Pulmonary Pathology Online
Pathology of Primary Intrapulmonary Thymomas
intrapulmonary thymomas are defined as primary thymomas arising in an
intrapulmonary location without an associated mediastinal component, and
they are very rare.
Clinical examination reveals a parenchymatous intrapulmonary mass without evidence of mediastinal involvement either radiologically or at surgery.
Intrapulmonary thymomas are not associated with myasthenia gravis, unlike those of mediastinal thymoma.
Site: Close to the hilum ; Deep within the lung and in subpleural locations; May arise endobronchially and infiltrate the surrounding parenchyma.
Gross: Lesions vary from 0.5 to 10 cm in greatest diameter.
Systematic mediastinal lymph node dissection according to the lymph node map for primary lung cancer should be recommended for malignant cases.
Microscopic features: Histologically the tumour is composed of biphasic population of lymphocytes admixed with epithelial cells, with prominent lobulation and fibrosis.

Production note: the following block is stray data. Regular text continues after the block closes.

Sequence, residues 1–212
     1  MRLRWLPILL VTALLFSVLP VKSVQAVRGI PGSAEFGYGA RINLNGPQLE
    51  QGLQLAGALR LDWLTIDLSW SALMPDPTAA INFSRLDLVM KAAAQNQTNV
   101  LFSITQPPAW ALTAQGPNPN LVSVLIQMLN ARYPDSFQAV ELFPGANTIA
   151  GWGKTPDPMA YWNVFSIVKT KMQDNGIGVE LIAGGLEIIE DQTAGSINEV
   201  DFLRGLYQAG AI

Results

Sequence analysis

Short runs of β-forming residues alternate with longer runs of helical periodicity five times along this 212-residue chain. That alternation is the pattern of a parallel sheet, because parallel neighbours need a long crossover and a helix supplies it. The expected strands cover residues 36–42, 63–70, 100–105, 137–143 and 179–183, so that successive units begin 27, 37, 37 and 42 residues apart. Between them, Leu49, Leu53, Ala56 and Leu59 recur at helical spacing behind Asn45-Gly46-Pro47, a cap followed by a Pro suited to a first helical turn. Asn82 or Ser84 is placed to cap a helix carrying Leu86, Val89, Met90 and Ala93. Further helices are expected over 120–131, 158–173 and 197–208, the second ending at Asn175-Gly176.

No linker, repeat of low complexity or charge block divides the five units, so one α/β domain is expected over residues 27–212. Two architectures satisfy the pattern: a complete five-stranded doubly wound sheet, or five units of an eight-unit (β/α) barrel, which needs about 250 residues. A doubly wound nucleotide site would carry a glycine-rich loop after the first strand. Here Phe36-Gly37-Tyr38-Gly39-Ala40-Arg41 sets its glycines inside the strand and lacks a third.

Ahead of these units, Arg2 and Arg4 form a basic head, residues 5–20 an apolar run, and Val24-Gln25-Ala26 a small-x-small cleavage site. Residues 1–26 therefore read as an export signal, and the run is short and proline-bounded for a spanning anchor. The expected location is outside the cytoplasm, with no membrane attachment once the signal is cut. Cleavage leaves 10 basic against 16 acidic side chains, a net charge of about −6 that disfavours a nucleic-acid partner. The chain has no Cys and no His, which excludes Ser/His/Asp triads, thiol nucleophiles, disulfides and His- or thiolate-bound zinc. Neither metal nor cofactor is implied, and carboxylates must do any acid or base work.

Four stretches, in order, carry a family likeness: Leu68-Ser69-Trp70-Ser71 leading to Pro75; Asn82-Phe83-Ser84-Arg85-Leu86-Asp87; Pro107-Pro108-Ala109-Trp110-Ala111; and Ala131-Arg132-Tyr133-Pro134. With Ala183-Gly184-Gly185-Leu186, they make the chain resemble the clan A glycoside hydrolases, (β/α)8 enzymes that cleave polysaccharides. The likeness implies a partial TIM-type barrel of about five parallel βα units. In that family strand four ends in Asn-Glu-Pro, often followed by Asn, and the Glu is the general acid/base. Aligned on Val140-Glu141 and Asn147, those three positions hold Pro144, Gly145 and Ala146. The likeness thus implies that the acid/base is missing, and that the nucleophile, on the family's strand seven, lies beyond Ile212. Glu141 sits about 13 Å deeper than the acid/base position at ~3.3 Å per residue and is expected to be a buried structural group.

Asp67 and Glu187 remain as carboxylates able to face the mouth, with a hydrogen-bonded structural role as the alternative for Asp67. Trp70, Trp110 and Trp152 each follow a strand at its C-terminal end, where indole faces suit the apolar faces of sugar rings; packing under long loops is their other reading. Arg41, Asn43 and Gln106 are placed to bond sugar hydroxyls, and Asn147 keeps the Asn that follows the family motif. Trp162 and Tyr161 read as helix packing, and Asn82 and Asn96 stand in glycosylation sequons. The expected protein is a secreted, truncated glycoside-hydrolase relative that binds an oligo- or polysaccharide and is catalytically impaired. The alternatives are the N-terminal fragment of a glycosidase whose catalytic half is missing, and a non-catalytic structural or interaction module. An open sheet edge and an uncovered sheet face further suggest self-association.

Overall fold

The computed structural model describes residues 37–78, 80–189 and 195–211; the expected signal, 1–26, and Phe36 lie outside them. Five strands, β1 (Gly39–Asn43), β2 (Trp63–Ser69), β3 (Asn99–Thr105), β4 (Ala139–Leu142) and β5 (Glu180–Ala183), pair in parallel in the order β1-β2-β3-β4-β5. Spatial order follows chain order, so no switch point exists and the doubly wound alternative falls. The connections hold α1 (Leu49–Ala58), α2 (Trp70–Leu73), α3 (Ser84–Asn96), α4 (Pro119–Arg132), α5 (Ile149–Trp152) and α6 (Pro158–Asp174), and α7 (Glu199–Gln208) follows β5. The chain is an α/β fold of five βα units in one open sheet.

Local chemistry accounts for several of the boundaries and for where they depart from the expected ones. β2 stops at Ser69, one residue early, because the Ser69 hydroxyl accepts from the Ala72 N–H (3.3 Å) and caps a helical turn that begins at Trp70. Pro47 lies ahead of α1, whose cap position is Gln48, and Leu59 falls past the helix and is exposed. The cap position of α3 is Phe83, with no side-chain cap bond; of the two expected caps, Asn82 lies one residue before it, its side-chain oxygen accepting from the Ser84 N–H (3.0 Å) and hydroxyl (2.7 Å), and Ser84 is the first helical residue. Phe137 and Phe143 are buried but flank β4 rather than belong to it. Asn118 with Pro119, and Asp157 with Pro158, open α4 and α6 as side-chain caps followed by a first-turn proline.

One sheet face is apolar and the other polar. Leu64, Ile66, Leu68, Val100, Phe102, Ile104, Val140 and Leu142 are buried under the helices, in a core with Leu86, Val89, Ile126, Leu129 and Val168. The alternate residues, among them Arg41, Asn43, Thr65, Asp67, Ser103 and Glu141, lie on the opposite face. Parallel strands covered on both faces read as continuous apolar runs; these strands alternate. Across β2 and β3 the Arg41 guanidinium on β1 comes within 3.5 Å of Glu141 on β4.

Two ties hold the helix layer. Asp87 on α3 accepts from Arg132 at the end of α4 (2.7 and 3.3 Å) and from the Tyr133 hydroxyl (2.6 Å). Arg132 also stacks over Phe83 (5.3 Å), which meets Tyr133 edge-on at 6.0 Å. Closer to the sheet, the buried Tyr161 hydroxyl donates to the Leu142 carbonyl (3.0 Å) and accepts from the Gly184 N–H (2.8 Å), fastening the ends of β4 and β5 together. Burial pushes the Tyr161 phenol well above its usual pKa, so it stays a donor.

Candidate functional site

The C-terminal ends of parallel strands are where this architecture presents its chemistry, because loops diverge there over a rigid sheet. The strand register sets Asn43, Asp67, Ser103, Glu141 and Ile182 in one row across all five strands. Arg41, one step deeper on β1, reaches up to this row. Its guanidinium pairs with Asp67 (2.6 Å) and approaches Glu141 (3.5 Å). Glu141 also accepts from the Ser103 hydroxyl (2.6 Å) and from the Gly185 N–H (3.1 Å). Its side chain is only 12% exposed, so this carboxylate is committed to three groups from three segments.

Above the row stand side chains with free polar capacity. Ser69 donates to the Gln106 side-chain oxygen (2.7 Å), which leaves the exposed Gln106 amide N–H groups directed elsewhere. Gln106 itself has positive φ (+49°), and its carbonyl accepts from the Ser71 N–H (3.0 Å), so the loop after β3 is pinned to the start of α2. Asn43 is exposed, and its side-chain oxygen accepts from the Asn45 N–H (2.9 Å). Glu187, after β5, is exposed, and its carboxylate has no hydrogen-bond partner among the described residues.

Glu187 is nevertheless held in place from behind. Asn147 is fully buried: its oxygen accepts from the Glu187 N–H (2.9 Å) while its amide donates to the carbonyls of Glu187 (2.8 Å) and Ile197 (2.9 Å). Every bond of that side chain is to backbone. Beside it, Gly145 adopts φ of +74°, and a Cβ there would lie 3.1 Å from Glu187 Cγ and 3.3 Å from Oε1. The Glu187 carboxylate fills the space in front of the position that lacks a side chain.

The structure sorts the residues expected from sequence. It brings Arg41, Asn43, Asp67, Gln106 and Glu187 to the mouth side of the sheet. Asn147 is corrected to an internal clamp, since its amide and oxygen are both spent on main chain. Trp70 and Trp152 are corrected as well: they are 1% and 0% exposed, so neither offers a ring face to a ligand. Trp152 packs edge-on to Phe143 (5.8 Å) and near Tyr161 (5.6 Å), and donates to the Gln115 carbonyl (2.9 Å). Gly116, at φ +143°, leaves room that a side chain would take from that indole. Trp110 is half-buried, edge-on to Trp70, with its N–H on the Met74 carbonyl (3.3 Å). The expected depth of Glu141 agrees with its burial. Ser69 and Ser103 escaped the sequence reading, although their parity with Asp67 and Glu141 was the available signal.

Focal areas of spindling of the cells are noted in some cases.
In some cases there are prominent perivascular spaces.
A prominent granulomatous reaction has also been reported.
Immunohistochemical stains for keratin and epithelial membrane antigen highlight the epithelial cells scattered against the lymphoid cell background.
Immunohistochemical studies using lymphocyte markers may be an useful tool for the diagnosis of the thymoma of ectopic site or unusual presentation.
Treatment: Intrapulmonary thymomas are slow-growing tumors that may respond well to surgical resection when confined to the lung.
As with their mediastinal counterparts, invasive tumors will require additional treatment for the possibility of recurrence of metastasis.
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